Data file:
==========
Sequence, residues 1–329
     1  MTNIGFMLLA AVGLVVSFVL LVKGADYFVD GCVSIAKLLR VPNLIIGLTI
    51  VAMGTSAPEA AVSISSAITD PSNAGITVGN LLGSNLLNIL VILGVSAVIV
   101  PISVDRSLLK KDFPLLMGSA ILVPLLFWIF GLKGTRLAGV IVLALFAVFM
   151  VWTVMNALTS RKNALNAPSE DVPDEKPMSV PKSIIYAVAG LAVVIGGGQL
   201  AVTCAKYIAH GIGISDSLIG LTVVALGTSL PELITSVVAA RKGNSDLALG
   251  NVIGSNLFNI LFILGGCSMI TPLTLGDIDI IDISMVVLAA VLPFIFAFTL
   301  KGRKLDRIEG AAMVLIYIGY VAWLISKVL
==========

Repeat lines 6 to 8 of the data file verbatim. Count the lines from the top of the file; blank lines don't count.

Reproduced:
   201  AVTCAKYIAH GIGISDSLIG LTVVALGTSL PELITSVVAA RKGNSDLALG
   251  NVIGSNLFNI LFILGGCSMI TPLTLGDIDI IDISMVVLAA VLPFIFAFTL
   301  KGRKLDRIEG AAMVLIYIGY VAWLISKVL